But, what is most striking and different about this film is its theatrical setting. It’s not quite set as play or as a fantasy but it takes the idea that life in high society is a performance and nothing else. What I loved even more was that Wright took this concept and ran with it; he made each character the lead in their own play, portraying the notion that life ultimately comes down to a matter of perception. Leo Tolstoy doesn’t so much write a story containing characters as write the thoughts of a character in the backdrop of a story. The physical embodiment of what each character is thinking and feeling by means of the theatre was a really good attempt at doing justice to such a complex writer – and trying to incorporate this into a film without the use of a thought bubble isn’t easy!
The only criticism I can make of this adaptation is that you need to read the novel first. This is true of almost every other film based on a book, but, having read it, there were definitely some scenes that would make more sense and have more of an effect, had you known the back-story. The story of Constantine Levin was also somewhat neglected, being almost more of a side dish to Anna and Vronsky’s dramatic affair.
However, despite the darkness, the tragedy and the emotional torment, there is a comforting element to Anna Karenina. This element is the contrasting, innocent and pure love between Kitty and Levin. Their journey towards each other is difficult, but it ends in a testament to the true value of virtue and patience. It ends, not in the midst of high society with its theatres and pretence, but in the country, where life is real, natural and happier on a much more profound level – where Kitty evolves from a naïve, sheltered socialite to taking charge of nursing Levin’s sick brother as he lay dying in her arms. Levin’s timidity, which was almost cringeworthy to watch at times, turns out not to be timidity but modesty. And as he stands up against Oblonsky’s almost celebrated promiscuity, it is evident that the shy Levin is a man of substance.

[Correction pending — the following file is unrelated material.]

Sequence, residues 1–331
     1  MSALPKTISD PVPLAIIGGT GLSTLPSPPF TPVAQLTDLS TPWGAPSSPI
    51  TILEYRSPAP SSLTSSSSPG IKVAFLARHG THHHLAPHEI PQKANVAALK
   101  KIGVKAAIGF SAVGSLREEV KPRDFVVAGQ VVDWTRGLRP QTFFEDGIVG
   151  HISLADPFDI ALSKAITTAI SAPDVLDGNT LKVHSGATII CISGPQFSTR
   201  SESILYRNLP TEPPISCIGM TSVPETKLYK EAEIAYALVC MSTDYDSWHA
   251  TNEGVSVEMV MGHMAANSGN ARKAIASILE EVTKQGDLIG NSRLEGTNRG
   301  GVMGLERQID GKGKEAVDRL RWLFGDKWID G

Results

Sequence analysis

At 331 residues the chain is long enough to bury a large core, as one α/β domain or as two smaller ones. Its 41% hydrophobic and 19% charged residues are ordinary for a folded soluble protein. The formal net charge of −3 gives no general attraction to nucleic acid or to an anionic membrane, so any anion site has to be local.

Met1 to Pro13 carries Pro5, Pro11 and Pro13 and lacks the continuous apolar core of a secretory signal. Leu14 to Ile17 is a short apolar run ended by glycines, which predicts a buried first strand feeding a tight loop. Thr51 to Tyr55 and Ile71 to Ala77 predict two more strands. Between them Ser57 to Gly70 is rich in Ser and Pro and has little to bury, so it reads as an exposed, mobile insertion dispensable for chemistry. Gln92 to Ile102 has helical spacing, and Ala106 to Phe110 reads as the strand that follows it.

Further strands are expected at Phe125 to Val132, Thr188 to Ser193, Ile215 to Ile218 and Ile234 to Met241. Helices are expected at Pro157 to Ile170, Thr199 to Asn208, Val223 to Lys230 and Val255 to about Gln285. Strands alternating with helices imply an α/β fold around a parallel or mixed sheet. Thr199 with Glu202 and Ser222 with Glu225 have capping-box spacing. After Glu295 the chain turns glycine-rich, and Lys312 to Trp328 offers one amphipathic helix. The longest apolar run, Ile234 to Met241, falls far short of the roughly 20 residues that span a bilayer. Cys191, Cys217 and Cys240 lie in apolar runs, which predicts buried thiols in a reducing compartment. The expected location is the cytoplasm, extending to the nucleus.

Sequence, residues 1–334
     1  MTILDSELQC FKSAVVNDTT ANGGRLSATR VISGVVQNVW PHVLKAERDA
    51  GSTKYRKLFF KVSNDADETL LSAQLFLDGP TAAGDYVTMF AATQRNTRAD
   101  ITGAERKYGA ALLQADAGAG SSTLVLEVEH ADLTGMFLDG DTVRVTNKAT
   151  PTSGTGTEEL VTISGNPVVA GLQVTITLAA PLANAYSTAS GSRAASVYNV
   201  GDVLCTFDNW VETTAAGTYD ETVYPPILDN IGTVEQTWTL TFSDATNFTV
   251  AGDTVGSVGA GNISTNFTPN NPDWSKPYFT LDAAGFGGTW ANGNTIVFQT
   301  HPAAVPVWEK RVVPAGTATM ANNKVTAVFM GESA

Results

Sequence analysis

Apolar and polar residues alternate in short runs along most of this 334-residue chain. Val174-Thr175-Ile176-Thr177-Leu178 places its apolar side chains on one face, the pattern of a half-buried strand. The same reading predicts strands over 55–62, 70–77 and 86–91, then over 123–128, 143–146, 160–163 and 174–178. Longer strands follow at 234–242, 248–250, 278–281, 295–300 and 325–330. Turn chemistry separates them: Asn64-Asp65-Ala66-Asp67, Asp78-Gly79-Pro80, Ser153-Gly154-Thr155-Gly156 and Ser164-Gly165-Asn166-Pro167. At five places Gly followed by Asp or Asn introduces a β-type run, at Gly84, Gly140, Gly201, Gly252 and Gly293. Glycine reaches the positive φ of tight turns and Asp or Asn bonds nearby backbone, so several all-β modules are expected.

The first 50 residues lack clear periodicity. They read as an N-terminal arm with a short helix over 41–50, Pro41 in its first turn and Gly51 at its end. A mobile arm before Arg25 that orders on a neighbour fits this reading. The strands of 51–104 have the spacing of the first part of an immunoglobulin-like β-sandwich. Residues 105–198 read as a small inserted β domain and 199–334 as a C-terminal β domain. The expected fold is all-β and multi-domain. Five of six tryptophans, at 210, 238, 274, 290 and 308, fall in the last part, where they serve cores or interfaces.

However tempting it is to end with the intense and tragic conclusion of the film, I will refrain from revealing it so that you still have something to look forward to. Films (and their reviews) have marmite-like qualities to them and I feel this one especially is a love-it or hate-it movie. I loved it. But if there is one thing I would stress, it’s this: read the book.
“He soon felt that the fulfillment of his desires gave him only one grain of the mountain of happiness he had expected. This fulfillment showed him the eternal error men make in imagining that their happiness depends on the realisation of their desires.”
Image from: http://violettavmcreation.blogspot.co.uk/2012/08/anna-karenina-keira-knightley.html